FUNDESA President Felipe Bosch

FUNDESA President Felipe Bosch

Guatemala’s FUNDESA

If you were to stop someone on the street and ask, “Can you tell me about Guatemala?” the chances are you wouldn’t get back a lot more than this: “Beats me! It’s somewhere down there in the south, right?”

In fact, Guatemala is one of the largest and most economically promising nations in Central America, stretching from Mexico in the northwest to Honduras and El Salvador in the east. Having more than 42,000 square miles within its borders, it is almost as large as Ohio, and has an even larger population (16 million people in Guatemala versus 11.5 million in Ohio).

But that’s where the similarities with Ohio end – and where the opportunities (and challenges) of Guatemala begin. With its rich cultural history, Guatemala is (or at least it could be) one of the great tourist draws of the Americas. Even though the homicide rate has dropped by over 30 percent over the past five years, it is still one of the most crime-infested nations on earth, with a murder rate roughly on par with Colombia, and a thriving cross-border trade in human smuggling and drug trafficking – much of which affects the U.S.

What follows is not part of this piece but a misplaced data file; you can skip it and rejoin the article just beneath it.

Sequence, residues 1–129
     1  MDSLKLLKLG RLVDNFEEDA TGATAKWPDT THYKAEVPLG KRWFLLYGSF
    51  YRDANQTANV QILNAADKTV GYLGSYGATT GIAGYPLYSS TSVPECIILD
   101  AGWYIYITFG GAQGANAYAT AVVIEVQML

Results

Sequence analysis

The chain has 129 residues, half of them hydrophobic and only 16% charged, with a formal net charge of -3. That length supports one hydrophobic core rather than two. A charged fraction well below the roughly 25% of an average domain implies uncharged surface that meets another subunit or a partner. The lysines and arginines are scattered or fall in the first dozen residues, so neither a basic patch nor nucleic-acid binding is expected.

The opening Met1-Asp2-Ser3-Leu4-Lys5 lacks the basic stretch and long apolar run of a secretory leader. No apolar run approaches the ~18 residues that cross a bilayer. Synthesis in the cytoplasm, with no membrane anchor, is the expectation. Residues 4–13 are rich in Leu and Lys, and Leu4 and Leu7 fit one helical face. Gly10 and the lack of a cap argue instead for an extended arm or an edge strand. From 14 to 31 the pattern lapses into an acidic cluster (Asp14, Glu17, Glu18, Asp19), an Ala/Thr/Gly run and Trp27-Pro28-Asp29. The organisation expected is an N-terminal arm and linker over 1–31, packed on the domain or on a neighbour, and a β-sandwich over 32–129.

Members of the FUNDESA Board and
its Intercultural Commission meet with
the Indigenous Authorities of Sololá.

There is, however, one philanthropic organization known as The Foundation for the Development of Guatemala (FUNDESA), which has worked tirelessly, both in Guatemala and in Washington, D.C., to transform Guatemala into a land of hope and opportunity in the future instead of one filled with little but misery that it is today. And given the obstacles they’ve overcome and the accomplishments they’ve racked up to date, the people of FUNDESA are presenting a national proposal to speed up change following a road map that proposes a social, economic, and institutional development model that both governments (national and local) and philanthropic organizations throughout the developing world can use as examples to replicate.

FUNDESA’s president, Felipe Bosch (Board Member of Multi-Inversiones, a family firm with six divisions but that is best known around the world for its Pollo Campero restaurant chain) offers the following thumbnail sketch of the organization’s goals – and how far FUNDESA has come in their efforts to date.

Guatemala improved 19 positions
in the global ranking of Doing
Business from 2013-2014

A National Consensus Development Agenda